W.I.T.H., which employs 40 graphic artists and a Los Angeles design team, expects sales to jump 50 percent to $3 million this year and by a similar amount in 2017, according to Ha.
With business and entrepreneurship bachelor’s degrees from California State University in Los Angeles, Ha said his 1,500-strong TexOps factory (which he owns 70-30 with business partner Juan Zighelboim) is the crown jewel of his textiles empire, which also includes Apple Tree in El Salvador and Nicotex in Nicaragua. Ha declined to provide more details about the other 14 sites, but said they mostly make cotton T-shirts, pants and sweaters for Delta Apparel, Bela, Lucky Jeans and True Religion. Because sales from those mills are expected to be flat or rise only slightly this year, Ha is focusing on growing its more profitable synthetics operation via TexOps.
Ha also just invested an undisclosed sum in a fledgling, $70 million new polyester extrusion plant in Honduras alongside textiles mogul Jesús Canahuati, who is leading the country’s 2020 development plan to lift synthetic fibers output. The new site near San Pedro Sula will make 2,000 metric tons of synthetic yarn a month, according to Ha.
The entrepreneur, who also made fortune by buying and restructuring failed maquilas, also plans to set up a textiles sublimation facility in Haiti next year that will be more than 200,000 square feet and will employ 100 people. The site will be built in partnership with Dominican Republic’s Grupo M and Brandix in the Codevi Industrial Park, spared from Hurricane Matthew’s devastation.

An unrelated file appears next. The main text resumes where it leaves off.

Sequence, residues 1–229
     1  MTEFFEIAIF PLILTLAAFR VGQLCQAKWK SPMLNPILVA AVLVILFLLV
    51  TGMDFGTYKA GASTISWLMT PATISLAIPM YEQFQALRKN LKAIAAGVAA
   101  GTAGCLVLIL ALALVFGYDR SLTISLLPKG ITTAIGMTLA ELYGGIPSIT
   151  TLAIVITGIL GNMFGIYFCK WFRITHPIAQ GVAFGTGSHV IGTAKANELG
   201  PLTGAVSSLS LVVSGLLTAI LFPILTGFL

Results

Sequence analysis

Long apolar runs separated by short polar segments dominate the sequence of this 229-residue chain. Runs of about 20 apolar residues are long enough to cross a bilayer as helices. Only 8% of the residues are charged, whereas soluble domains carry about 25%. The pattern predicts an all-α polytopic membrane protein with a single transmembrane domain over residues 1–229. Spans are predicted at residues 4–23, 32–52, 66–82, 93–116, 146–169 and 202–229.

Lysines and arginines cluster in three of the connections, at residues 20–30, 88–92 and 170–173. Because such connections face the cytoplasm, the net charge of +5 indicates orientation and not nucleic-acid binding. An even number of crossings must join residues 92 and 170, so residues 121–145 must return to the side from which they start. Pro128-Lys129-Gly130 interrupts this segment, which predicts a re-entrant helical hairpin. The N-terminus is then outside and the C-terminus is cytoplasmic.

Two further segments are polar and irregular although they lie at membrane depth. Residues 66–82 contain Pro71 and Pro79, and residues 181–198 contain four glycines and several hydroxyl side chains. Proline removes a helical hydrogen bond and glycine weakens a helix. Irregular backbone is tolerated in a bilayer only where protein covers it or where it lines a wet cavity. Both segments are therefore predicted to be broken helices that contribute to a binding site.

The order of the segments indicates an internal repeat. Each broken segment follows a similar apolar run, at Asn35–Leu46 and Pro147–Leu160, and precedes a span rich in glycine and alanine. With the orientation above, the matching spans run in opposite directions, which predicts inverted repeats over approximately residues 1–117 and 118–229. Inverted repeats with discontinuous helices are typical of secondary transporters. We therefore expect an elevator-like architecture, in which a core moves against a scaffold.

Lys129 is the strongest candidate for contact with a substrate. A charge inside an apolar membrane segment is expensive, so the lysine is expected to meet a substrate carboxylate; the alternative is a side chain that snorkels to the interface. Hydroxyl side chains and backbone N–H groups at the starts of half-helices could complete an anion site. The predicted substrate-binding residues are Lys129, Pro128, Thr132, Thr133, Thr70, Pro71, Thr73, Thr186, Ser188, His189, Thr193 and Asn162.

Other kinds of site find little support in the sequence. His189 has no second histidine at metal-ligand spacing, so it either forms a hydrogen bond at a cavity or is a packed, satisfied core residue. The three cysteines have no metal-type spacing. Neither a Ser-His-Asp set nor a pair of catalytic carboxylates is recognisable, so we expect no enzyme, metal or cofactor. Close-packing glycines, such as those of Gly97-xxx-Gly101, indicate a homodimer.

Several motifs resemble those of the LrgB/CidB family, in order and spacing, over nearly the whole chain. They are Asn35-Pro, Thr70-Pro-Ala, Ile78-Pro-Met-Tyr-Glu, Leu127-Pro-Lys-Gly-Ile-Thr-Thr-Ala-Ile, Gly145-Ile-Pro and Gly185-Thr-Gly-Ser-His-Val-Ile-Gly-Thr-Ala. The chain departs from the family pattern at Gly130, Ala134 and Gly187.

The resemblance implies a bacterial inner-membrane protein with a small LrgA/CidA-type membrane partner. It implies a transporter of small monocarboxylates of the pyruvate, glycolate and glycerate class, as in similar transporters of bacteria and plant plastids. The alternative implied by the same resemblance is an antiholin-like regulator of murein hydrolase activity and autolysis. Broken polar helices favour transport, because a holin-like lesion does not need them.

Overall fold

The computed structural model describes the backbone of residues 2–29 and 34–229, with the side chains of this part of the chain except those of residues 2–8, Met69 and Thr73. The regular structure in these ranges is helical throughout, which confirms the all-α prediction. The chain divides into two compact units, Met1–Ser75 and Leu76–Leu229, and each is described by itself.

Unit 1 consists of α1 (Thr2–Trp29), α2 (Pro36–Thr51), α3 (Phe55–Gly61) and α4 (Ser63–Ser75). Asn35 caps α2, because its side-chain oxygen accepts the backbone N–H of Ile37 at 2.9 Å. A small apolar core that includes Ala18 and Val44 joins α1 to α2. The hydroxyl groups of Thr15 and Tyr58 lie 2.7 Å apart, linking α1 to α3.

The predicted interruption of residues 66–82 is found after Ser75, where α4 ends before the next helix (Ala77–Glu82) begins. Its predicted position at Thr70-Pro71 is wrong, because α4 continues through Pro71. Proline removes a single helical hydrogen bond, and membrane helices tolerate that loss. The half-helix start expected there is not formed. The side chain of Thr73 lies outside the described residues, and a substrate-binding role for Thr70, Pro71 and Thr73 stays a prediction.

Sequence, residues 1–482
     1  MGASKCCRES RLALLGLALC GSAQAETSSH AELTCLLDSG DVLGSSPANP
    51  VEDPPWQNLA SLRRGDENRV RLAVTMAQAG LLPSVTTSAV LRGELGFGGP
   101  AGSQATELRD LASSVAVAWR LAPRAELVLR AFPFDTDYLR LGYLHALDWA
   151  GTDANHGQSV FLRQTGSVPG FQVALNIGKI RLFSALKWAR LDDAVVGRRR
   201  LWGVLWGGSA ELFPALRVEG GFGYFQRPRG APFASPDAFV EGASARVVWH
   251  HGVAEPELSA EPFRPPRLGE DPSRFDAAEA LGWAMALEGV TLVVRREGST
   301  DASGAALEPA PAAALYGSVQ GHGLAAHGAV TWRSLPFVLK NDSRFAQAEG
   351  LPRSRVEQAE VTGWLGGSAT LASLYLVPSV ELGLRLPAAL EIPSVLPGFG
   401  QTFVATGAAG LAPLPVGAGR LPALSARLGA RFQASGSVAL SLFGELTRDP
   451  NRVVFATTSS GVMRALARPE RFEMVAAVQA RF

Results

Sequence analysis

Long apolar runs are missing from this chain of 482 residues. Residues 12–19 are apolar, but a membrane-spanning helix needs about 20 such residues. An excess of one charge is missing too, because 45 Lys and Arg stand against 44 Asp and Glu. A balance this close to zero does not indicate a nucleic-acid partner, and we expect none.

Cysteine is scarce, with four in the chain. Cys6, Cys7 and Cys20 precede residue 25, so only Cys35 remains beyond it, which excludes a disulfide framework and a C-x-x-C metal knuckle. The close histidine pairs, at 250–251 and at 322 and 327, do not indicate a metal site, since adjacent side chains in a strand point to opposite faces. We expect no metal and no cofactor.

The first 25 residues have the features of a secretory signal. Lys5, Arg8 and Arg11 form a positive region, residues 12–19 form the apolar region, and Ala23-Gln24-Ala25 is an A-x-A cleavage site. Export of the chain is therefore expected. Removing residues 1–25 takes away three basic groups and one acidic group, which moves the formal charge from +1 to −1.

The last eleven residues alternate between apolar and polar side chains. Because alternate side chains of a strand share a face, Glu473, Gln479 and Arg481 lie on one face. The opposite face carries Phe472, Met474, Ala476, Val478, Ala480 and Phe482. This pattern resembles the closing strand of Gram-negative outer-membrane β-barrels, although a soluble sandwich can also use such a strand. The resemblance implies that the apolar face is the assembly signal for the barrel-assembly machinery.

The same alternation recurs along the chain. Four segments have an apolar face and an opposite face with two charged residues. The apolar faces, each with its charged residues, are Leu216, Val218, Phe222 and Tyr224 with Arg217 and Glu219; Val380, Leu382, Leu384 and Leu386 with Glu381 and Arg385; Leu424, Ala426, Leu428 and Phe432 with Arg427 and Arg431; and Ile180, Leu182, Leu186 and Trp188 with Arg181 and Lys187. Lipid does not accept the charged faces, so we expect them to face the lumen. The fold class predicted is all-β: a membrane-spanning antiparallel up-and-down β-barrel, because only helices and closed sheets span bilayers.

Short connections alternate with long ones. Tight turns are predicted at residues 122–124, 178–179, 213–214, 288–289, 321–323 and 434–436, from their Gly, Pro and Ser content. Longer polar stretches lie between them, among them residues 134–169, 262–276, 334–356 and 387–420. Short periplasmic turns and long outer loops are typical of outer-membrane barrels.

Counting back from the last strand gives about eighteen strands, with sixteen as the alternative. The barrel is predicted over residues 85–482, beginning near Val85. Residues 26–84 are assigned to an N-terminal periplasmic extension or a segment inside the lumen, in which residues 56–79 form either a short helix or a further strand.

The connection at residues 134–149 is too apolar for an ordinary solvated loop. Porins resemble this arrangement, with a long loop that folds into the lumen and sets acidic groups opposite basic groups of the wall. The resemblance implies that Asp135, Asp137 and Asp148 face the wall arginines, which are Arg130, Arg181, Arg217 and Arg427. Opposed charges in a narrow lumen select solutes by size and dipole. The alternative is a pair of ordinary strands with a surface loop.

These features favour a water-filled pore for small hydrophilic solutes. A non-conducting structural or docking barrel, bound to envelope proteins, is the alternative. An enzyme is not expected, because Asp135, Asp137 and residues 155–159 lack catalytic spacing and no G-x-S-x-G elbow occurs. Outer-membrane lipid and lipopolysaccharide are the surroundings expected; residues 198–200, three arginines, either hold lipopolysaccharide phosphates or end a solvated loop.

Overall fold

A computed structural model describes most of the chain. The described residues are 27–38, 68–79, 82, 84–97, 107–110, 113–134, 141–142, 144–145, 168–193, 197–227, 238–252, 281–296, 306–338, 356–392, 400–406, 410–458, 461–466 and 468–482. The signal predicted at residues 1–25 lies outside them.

Coupled with TexOps’ expansion, and an expected gradual increase in U.S. orders, Ha’s revenues from textiles (he also has coffee plantations) should increase 15 percent annually to hit roughly $500 million in three years, when he intends to employ 9,000 workers versus the 7,000 currently, said a source close to his affairs.
Ha’s plans are being timed to profit from El Salvador’s new, 15-year textiles and apparel growth strategy seeking to turn it into a high-performance sportswear and synthetic fabrics producer.
Unlike Mexico – whose apparel sector could suffer from Trump’s threats to rewrite the North American Free Trade Agreement – El Salvador and Central America will benefit from Trump, Ha predicted.
“Trump is the best thing that could happen to this region,” he said, adding that the Central American Free Trade Agreement is expected to remain in place, maintaining the region’s competitive momentum.
TexOps will continue to lead labor improvements in Central America, he vowed, where Korean firms have a tarnished image. Ha stressed TexOps’ workers receive higher compensation than rivals through productivity incentives. “My labor force is my greatest asset, not my machines or buildings,” Ha said. “I invest in them, offer them English courses and even MBAs.”
The firm also has soccer leagues and even a massage room, he boasted.
Back to his style: Ha said he enjoys wearing Lululemon Lab’s “forward-looking men’s wear” and Kit and Ace, which has “very comfortable streetwear.”
But when he is not toiling in the Salvadoran tropics, he likes to wear a Dolce & Gabbana suit and spray on his favorite fragrance, Tom Ford, he concluded.